Gr 5-8-Fantasy fans will appreciate the delightful twist Yolen introduces into the legend of King Arthur. A page-turning tale of magic and adventure, betrayal and loyalty, and love and hate. Copyright 2004 Reed Business Information.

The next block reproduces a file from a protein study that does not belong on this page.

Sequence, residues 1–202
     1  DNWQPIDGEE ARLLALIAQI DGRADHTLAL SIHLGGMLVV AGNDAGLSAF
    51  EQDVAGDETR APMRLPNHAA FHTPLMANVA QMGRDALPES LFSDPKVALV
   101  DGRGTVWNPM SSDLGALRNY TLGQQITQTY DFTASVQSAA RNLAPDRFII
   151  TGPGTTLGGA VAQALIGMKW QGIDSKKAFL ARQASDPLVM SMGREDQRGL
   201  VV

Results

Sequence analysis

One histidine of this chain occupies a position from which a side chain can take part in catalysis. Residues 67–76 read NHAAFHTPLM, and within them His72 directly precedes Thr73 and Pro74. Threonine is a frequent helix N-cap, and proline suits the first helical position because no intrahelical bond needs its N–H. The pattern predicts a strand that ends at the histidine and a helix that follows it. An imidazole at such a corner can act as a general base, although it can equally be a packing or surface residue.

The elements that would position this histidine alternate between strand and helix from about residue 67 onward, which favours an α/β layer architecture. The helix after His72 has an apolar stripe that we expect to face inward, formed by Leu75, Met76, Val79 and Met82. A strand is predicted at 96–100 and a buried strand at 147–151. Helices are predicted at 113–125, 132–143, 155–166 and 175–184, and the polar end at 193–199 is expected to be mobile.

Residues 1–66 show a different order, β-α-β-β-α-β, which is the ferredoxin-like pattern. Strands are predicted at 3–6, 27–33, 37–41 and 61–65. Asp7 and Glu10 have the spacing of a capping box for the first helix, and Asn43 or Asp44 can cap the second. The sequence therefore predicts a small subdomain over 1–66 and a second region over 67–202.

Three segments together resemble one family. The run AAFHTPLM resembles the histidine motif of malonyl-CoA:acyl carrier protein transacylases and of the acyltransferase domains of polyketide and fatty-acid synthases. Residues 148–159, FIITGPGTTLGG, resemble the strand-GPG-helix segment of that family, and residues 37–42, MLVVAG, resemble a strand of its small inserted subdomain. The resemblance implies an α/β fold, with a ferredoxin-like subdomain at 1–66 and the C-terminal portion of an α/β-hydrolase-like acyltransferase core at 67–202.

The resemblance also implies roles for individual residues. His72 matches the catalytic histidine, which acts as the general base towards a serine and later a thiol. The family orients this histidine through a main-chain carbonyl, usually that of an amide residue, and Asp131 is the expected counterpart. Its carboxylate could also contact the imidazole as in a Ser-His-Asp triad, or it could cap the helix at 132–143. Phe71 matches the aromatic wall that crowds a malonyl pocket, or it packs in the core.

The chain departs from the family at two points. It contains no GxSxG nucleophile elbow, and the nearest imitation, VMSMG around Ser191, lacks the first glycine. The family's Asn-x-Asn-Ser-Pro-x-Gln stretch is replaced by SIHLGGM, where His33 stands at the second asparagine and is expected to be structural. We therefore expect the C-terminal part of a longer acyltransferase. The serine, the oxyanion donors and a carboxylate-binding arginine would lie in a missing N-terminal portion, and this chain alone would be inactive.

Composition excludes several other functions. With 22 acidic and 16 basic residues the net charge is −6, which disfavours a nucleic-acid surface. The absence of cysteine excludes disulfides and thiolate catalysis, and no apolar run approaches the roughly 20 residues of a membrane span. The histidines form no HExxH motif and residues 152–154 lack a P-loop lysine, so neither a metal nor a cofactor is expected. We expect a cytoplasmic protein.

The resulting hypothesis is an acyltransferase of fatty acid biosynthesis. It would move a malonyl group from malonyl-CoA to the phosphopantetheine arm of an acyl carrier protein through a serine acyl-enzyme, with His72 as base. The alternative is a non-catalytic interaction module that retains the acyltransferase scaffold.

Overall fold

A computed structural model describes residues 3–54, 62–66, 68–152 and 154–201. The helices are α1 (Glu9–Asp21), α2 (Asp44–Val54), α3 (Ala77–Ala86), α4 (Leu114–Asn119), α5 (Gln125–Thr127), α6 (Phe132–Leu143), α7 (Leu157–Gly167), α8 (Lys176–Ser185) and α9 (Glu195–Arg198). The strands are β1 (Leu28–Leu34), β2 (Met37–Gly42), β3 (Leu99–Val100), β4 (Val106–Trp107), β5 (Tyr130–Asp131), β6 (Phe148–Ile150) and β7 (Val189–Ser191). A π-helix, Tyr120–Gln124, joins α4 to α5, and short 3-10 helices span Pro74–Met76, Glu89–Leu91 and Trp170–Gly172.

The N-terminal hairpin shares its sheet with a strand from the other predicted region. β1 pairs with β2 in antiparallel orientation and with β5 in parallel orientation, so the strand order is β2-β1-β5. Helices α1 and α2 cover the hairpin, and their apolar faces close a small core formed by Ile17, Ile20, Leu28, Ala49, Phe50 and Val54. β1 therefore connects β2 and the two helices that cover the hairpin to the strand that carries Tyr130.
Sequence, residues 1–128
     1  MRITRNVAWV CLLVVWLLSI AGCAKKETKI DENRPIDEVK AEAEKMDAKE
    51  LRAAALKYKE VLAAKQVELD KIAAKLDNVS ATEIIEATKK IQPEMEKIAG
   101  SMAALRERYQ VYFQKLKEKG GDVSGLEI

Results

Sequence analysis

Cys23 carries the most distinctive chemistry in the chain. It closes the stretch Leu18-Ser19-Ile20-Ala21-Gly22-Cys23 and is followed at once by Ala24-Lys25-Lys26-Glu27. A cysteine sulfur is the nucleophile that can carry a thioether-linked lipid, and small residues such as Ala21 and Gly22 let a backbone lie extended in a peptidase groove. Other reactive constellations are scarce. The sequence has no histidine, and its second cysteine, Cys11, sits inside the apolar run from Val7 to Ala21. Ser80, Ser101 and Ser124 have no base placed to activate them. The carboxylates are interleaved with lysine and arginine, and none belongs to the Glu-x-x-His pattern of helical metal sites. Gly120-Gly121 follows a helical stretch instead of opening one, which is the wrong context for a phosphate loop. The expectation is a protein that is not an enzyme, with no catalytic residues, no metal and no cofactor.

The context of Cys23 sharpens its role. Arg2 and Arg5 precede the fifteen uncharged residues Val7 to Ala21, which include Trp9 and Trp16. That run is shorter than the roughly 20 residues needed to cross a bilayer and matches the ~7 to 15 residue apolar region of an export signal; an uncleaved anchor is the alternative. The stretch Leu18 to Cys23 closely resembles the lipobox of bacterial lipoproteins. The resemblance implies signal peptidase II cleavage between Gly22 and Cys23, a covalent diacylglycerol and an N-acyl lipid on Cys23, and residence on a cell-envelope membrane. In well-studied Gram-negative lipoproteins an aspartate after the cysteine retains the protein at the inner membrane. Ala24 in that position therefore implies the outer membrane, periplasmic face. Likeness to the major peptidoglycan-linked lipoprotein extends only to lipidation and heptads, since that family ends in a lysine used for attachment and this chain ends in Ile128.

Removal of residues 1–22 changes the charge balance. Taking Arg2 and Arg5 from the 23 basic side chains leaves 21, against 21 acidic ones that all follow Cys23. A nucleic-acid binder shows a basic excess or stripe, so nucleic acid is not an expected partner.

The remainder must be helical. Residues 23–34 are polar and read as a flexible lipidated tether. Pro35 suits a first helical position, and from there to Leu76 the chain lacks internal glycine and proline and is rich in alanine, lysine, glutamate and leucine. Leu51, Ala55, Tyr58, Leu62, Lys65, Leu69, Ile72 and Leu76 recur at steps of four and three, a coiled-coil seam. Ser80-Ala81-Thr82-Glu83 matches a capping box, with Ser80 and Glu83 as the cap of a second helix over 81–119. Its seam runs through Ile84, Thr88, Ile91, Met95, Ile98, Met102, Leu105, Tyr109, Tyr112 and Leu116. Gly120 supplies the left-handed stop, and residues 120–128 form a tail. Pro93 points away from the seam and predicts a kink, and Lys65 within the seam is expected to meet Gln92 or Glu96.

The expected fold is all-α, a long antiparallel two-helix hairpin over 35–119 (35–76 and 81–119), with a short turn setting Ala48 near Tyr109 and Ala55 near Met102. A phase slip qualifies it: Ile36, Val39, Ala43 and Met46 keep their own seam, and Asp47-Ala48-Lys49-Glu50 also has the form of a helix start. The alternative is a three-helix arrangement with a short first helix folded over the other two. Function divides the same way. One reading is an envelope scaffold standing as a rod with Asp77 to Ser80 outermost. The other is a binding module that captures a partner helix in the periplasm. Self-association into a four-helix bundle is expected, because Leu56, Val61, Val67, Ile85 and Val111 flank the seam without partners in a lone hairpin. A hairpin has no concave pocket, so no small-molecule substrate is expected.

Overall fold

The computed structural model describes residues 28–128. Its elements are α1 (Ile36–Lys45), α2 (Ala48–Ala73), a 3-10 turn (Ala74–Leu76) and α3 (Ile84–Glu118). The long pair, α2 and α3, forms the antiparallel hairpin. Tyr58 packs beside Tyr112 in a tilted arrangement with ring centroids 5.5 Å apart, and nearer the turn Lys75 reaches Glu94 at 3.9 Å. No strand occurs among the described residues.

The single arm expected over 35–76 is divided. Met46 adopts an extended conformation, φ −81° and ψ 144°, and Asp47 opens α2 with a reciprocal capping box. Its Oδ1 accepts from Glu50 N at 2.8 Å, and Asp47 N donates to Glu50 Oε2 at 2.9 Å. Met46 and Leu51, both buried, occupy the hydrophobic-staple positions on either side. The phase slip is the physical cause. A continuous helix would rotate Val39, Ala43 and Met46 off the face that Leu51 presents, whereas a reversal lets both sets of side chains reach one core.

Political intrigue dominates this new version of how Arthur came to pull the sword Excalibur from a stone. Arthur, already an adult, is king but without full support of the country, so his advisor Merlinnus creates a stone with a sword in it that only Arthur will be able remove--thus demonstrating that he’s the rightful king. Meanwhile, Morgause, whom informed readers will recognize as Arthur’s evil half-sister and former lover, turns her powerful black magic against Arthur, plotting to put one of her sons on the throne. She sends four them to Arthur’s court, where one may be trying to kill him--a mystery. Another mystery is the real identity of Gawen, a boy with golden hair and slim build who becomes Merlinnus’s new helper and Arthur’s increasingly important friend. Fans of King Arthur will be the best audience for this tale; the reading benefits significantly from already knowing the characters’ backgrounds, not offered in any detail. Although the prolific Yolen usually supplies more action, those who can’t get enough of Arthur and his court will likely enjoy the different slant on his rise to power. (Fiction. 11+)